Google Cloud Dataprep - Data Handling Made Easier
As soon as we saw at Panorays that there’s an option to try out Cloud Dataprep as a Beta on Google Cloud Platform we registered ASAP and found really useful and time saving, let’s say that it made our Data Scientist, the AWESOME Tal Peretz, very very happy!
Let start with the problem (There’s always a “Problem” :) ) that we were trying to solve,
We had lot’s (Around 700 GB of them) of files needing parsing, filtering and some transformations (In origin CSV, SQL and Regular Text files — And some of them in zipped formats — “tar.gz”).
As you know that around of 80% of the day to day job of the Data Scientist is Data preparation, Data filtering and Data enrichment, so of course the goal is to save as much time as possible at that phase.
We’ve been able to save a lot of time and effort (and probably compute resources) using Dataprep. (No, no one paid me to write this post…)
- Easy to use and to ramp up.
- No need to run the “code” on any VM (Pretty much Serverless).
- Convenient GUI that allows you to see the whole process and statistics and metadata over it.
- Runs in a pretty efficient manner performance wise.
What we still couldn’t do with Dataprep:
- Run flows on the zipped files out of the box.
- Share the flows between different users in the save GCP project.
- Store the data in another Data Store for the rest of our Data Pipeline — But It’s also not the use-case of using Dataprep in my opinion.
Now to the actual process:
We’ve put them for storage purposes on Google Cloud Storage (You know, it’s fully replicated and super cheap, so why not) and because of that it really fitted us well with the way of use of Dataprep that reads its input from from Cloud Storage.
- Go over all of the files, different logic for other types of files.
- Extract the relevant features and finally merge them into the final output “File” that will contain all of the rows and then continue with the Data Pipeline.
- Move it to another Indexed data store to be able to query the data afterwards with the resolution of a single data point.
- To be able to run analytics and and create some Machine Learning learning models with the output data.
So, How we did it via Dataprep (With some screen shots of course):
- We’ve created a Flow to process all of the Raw Data, in that Flow created a “Recipe” for each type of file format and with the context of the data inside it.
All will be merged to the same output “file” via specific features that the joins we’re made by.
- Here you can see the “Job” execution and the data distribution at a specific job before it ran on sample data taken from one of the sources. (Looks pretty cool right?)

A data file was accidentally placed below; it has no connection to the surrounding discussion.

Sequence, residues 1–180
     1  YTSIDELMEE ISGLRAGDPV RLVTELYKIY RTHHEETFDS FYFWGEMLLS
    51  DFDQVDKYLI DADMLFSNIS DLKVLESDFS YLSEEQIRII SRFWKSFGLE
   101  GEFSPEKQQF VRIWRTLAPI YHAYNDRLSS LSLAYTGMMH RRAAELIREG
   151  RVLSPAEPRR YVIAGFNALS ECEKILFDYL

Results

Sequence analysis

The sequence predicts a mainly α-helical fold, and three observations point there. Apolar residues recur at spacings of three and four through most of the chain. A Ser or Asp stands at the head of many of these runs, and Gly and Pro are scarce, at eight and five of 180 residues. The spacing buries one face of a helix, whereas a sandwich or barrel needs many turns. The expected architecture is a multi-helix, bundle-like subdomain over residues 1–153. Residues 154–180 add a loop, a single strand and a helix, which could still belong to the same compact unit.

- Job results in a really convenient manner with the ability to export the report.
Also being able to see the counts of all of the rows with matches and mismatches, and it all took around 30 minutes to run with the output result of ~12GB (After filtering of course). We can also see some overview on the output data distribution which is really cool
- We can see that basically this is being ran in the background on Cloud Dataflow, and the job itself cab shown as the Dataflow job with all of it’s DAG break down.
- All after all it has got to be saved to somewhere, right?
So where if not to Google Cloud storage. You can see that the output is being saved in a sharded distributed manner in the defined sandbox bucket of the Dataprep environment.
So to conclude things,
We’ve managed to transform and filter a vast amount of the raw data in about a day of work.
Probably if we would have tried doing it via “Apache Spark” (My personal favourite until now) even on a managed environment like Cloud Dataproc it would have taken us much longer to write the code and to run all of the transformations.
The runtime was pretty good and we didn’t need to maintain or schedule any resources ourselves.
We still have some blockers in the Beta version in which we can’t share the Jobs between different uses at the same GCP project for example, which is pretty inconvenient.
Also, we were not able to extract the zipped files with transformations in Dataprep so we did the extraction phase manually beforehand and re-uploaded the extracted files to Cloud Storage.
But all and all it looks like a great tool for the Data preparation with pretty good looking User Interface, that I’m sure that in the GA version would be more feature rich.
I want to thank Tal Peretz for his great work great work! (Much of the “Fast Results” is because of him).
Hoping for more great features by the Cloud Dataprep team that will make the life of Data Engineers and Data Scientists much easier.